The book includes six scholarly essays by Dackerman, Lorraine Daston, Katharine Park, Suzanne Karr Schmidt, and Claudia Swan, as well as 102 catalogue entries by graduate students, describing specific prints or objects and attempting to situate them in meaningful contexts. Much of the written content is abstruse, and few non-specialists will be tempted to peruse the book from cover to cover. Nor is the content uniformly accurate. Perhaps the Ph.D. candidate who erringly refers to a quadrant as a sextant (53) in a 1595 engraving depicting observational instruments is more easily forgiven than the editors or proofreaders who missed the mistake. Other problems with the book’s production are less easily condoned.

The images, as reproduced in the book, are significantly darker than the prints from which they are derived. Prints, of course, can brown and fox with age. But the designer of this volume apparently used digital technology to alter the appearance of many images, toning them for contrast against the white pages of the catalogue. Black ink on white (or off-white) paper has a look and conveys an impression that is not reproduced when the ink and paper are artificially rendered in sepia. The distinction is obvious to those who were fortunate enough to attend the exhibit, but it is also clearly apparent when pages from the book are compared to the prints themselves as they appear in Dackerman’s on-line tour of the exhibit (see The woodcut flaps, for example, of Heinrich Vogtherr’s beautiful anatomical atlas were painstakingly hand-colored in 1544 for a particular purpose. “Tonal modulations are achieved by varying the density of the colors,” the catalogue entry explains. “Differentiation of the organs by color not only helps the viewer tell them apart, but also enhances their solidity and material presence and makes the figures stand out from the surrounding texts” (68-70). In the on-line tour, which shows the atlas on a work bench at Harvard’s Weissman Preservation Center, the colors are vibrantly bright, but the reproductions that appear in the catalogue are significantly muted, distorting our perception of how they might have been used by contemporary practitioners.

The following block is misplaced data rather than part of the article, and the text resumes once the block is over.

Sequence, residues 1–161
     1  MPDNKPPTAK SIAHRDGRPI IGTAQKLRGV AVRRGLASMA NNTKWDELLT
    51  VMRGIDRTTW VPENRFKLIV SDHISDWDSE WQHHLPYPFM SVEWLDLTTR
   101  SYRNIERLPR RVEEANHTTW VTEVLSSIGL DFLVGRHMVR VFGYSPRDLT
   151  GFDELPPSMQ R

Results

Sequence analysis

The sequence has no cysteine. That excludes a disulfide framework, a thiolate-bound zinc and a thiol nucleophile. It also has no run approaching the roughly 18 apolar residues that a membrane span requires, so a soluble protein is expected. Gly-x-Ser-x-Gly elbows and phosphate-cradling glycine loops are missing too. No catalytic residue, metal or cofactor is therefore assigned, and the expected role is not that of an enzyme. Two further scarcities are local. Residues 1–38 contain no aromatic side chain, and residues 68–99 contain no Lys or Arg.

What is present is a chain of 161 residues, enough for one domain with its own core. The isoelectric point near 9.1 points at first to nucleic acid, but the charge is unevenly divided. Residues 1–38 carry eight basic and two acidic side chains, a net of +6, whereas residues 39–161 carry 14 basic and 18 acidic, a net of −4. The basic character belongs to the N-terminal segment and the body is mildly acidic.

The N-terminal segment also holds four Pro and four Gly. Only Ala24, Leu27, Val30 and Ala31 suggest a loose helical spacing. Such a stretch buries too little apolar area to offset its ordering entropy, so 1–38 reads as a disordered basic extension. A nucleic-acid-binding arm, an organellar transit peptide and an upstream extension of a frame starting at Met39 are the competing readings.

Despite the catalogue’s problems, it will (one hopes) inspire continued scholarship in sixteenth-century visual resources. If better produced, it might have served as an accessible and adequate surrogate for the original prints, but it fails in that regard. As this project cogently reminds us, librarians, curators, and archivists in a digital age need to exercise caution when interacting with graphic designers and IT specialists and should not hesitate to assert their authority to ensure the accuracy of reproductions. At stake is the integrity of visual information.

Jeffrey Mifflin, Massachusetts General Hospital Archives